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Good news on the COVID-19 vaccine front: A cure may be possible from tobacco leaves

India is working on 14 COVID-19 vaccines currently.

In a new development on the vaccine front, Oxford University's researchers are trying to develop a vaccine made with proteins from tobacco leaves. This is now ready for human tests.

Written by Jahnavi Sarma |Published : May 18, 2020 7:43 PM IST

With the COVID-19 pandemic showing no signs to disappearing in the near future, scientists are desperately trying to find a vaccine for the virus. There are many trials going on in different parts of the world. But there is no concrete evidence yet of any cure. The US firms Moderna and Novavax have already started their second phase of human trials and many other companies have also moved on to human trials. In a new development on the vaccine front, Oxford University's COVID-19 vaccine trial on rhesus macaques shows promise. Researchers are trying to develop a vaccine made with proteins from tobacco leaves. This is now ready for human tests.

This vaccine is being jointly developed by the University of Oxford and researchers from the US government's National Institutes of Health (NIH). Researchers are hopeful because they saw that it provided protection against COVID-19 in six rhesus macaques. It helped in producing antibodies capable of fighting the virus.

About the study

Researchers exposed a group of monkeys to the COVID-19 virus. Then they administered the vaccine to the infected monkeys. They saw that after this, the six monkeys had less of the virus in their lungs and airways. This gave them hope because rhesus macaques have immune systems that are similar to humans. The vaccine offered protection to the animals against pneumonia. Moreover, the monkeys also did not develop 'immune-enhanced disease', when the vaccine triggers a worse response to a disease.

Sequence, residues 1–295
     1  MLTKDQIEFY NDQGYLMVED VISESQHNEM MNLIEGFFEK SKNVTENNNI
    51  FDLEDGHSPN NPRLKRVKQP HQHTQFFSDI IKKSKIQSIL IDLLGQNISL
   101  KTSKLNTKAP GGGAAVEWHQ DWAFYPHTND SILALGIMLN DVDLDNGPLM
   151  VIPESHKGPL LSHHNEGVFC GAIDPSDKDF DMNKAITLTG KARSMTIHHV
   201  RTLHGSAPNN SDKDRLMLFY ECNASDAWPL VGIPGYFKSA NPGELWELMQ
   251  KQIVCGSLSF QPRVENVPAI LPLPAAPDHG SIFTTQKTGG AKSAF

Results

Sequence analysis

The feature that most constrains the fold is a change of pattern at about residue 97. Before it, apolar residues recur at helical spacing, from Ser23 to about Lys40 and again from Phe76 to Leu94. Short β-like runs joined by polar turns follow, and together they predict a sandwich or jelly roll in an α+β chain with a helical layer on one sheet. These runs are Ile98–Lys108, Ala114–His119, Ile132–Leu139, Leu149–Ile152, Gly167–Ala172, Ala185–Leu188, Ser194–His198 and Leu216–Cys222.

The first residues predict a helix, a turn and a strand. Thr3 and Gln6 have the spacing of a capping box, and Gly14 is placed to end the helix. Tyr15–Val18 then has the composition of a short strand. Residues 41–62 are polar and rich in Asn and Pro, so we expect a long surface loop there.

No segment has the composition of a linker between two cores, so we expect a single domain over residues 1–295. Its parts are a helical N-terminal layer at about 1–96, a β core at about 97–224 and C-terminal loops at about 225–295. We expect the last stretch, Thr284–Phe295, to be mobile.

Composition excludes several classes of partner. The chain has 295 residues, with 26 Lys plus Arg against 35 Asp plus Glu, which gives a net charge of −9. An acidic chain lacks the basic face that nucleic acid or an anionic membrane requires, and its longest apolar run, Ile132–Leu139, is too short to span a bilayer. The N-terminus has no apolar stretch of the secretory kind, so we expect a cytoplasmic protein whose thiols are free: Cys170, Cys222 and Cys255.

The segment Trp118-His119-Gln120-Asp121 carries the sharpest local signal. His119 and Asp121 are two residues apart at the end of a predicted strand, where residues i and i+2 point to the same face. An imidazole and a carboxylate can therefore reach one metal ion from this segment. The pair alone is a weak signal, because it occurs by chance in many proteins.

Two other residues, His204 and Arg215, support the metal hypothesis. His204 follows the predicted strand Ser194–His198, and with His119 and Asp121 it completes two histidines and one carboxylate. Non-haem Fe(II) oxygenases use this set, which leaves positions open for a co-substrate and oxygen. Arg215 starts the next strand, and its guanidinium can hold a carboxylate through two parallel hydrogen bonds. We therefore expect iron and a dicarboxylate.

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This vaccine is based on a small part of the virus's distinctive "spike". Researchers say that the idea behind the vaccine is that by getting the body to recognise a unique part of the virus, it will know how to react when it is exposed to the whole thing and produce the right antibodies to fight it off.

Other scientists also show an interest in tobacco

Meanwhile, British American Tobacco, the second largest manufacturer of cigarettes, has also recently claimed that their tobacco-based vaccine against Covid-19 was now ready for human trials after getting the requisite approval from the United States Food and Drug Administration (FDA). The firm said that its experimental vaccine produced a positive immune response in pre-clinical testing. This vaccine is based on an artificially built fragment of the novel coronavirus, called an "antigen". This antigen is inserted into tobacco plants for reproduction. Once the plants were harvested, the antigen is purified. The antigen can generate an immune response from the body when administered to human beings.

Earlier studies on effects of tobacco on COVID-19

Earlier research had spoken about the effect of nicotine on COVID-19 patients. Experts' interest was roused when data showed that smokers were less likely to be infected with the new variant of coronavirus that is currently ravaging the world. The general assumption was that it may be an effect of nicotine. In fact, some experts also advocated the use of nicotine patches on patients to save them from severe complications. But the researchers were also quick to add that this did not mean that they were saying people must start smoking as a preventive measure. Tobacco kills. But if a vaccine can be developed from the leaves of the plant, then it will bring hope to millions across the world.

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